I moved to Port Orchard January 3rd, and was there till the 19th. Charley Whatoon warned me off again. Said the Indians were going to attack Seattle within ten days. He thought it would be the next Sunday. (His father had moved to Port Orchard.) I came back to Seattle with my baby (we were both sick), my husband staying till the day before Seattle was attacked, being out on the bay the night before with two Indians. There was nothing brave to do but to defend ourselves.
The Decatur had been disabled on Restoration Point by a treacherous pilot. The Indians would have caught a good many people if there hadn’t been a shell thrown from the Decatur into Tom Martin’s house. He was stealing produce along the river and selling it. The Indians were in his house preparing for the attack. Fifteen Indians were reported killed. Two white men were killed b[y] the Indians when the attack was made. First was Milton Holgate, who, while standing with several others on the steps of the Fort, was shot and instantly killed. Bob Wilson, a cook in the Elliott house had just stepped to the door and was shot and lived but a few minutes. They threw fire all night trying to burn the Fort, but didn’t succeed.
A company of volunteers was organized in February. My husband served thirty-three days in the voluntary service, then was transferred to the regular service under Captain F. T. Dent. He and William Bucy were recommended by Colonel W. H. Wallace as good scouts and interpreters. I came up to the Fort on the steamer Tramer when she brought supplied for the soldiers. J. B. Parker and Captain Horton owned her. When I got to the fort the soldiers had just gone out on a nine day scout. I stayed over night and went back to Seattle, where I stayed ten days, and then came back up the river and found them gone again. There wasn’t even a commissary officer there. On that scout they found and Indian camp on the Cedar River, and clothes they had stolen from the people when they burned all of their houses. Still, people think we did not lose anything.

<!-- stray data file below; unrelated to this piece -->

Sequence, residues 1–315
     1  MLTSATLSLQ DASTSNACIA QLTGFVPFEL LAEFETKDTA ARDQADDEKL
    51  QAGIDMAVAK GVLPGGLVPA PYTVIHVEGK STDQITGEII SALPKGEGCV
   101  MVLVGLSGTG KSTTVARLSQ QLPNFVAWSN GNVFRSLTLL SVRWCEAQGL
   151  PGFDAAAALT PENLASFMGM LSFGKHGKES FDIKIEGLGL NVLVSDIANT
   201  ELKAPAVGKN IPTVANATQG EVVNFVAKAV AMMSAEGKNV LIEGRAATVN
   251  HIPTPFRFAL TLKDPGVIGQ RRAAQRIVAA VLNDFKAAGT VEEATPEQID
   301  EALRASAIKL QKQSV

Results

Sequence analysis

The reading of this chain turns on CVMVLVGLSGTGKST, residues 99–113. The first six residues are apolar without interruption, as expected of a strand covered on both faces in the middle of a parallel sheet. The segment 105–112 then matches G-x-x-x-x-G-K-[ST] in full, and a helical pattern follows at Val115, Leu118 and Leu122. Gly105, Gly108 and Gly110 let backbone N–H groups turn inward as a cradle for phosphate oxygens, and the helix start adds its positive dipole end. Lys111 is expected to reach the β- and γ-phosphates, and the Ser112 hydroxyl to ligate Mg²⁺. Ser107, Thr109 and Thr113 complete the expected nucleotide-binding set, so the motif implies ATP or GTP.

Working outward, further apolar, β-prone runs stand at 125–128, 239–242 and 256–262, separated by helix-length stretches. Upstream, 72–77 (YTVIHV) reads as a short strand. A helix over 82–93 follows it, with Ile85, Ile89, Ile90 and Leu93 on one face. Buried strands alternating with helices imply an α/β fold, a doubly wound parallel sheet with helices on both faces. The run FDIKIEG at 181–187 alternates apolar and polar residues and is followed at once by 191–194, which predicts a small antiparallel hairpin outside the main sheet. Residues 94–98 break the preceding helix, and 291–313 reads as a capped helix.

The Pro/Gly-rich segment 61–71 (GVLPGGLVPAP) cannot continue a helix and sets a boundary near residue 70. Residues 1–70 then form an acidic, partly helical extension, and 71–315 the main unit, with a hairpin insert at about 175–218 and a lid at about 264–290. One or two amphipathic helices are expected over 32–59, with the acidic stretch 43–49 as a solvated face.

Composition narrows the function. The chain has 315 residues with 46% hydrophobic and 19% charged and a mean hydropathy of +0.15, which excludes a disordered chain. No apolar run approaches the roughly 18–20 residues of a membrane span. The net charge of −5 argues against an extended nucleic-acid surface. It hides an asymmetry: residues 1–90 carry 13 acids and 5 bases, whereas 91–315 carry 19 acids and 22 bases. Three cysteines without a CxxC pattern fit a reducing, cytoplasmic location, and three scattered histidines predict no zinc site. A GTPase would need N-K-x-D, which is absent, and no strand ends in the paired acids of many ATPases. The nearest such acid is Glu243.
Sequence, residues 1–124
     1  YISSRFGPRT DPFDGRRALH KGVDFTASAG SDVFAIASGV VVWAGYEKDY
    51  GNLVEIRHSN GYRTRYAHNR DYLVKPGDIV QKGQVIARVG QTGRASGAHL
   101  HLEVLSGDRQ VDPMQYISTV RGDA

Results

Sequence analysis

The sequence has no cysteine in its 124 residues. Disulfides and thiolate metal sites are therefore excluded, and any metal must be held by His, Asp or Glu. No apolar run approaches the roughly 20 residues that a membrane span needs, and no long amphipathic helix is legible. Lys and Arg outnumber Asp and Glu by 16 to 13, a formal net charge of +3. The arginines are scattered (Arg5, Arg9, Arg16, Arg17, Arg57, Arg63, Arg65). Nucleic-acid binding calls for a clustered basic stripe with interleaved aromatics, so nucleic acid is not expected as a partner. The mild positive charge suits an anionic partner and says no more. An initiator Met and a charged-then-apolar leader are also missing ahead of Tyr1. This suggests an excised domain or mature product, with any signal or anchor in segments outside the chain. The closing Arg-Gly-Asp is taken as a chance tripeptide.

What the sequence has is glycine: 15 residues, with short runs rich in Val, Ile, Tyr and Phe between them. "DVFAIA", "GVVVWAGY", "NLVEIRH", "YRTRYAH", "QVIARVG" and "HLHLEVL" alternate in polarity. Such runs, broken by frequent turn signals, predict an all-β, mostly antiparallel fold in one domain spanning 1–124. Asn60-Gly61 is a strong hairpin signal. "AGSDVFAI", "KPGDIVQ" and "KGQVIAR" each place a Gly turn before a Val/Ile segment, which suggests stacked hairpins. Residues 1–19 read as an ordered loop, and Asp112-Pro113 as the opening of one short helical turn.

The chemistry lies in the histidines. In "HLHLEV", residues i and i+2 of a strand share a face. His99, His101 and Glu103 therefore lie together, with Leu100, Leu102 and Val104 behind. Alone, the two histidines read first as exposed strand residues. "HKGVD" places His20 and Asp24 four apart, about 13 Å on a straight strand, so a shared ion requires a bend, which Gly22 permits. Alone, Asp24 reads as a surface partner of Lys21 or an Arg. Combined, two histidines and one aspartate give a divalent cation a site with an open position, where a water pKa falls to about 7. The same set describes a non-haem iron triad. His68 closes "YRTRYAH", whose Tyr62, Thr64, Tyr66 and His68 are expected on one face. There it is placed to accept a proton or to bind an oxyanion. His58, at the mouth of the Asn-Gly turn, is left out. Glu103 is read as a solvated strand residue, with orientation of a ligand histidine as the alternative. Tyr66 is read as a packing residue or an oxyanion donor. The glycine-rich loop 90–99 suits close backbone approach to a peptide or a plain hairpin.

The Spring of ’56 I was living inside the stockade in a little house. Two men-of-war vessels came. The John Hancock and the Massachusetts, commanded by McDougal and Swartout. Captain Sterrat commanded the Decatur.
The Sound Indians were very docile that summer, but we were tormented terribly by the British Indians. In October, one morning I stepped to the door just in time to see the British Indians fire into a sloop and kill two men; the other man hid. The men-of-war were cruising up and down the Sound in search of hostile Indians. But we were troubled no more with outbreaks from them.
In July I moved over to where Sidney now is, and stayed there and cooked for loggers till September. From there I moved over to Chico; stayed there till March and then moved to Colby.
I was truly a pioneer woman. I was the first white woman on the White River and also in three places above mentioned. The first five years of my married life I moved seventeen times. If it hadn’t been for H. L. Yesler we would have fared worse than we did. But no man ever went from him in need; now he gets curses rather than thanks.
I think every pioneer woman should have a word to say about the state flower. The wild Honeysuckle or the LaCamas would be suitable, as they grow in all parts of the state.
All my folks are dead now but two sisters – Mrs. Tanner of Seattle, Mrs. Crowe and myself.
Signed: Nancy Thomas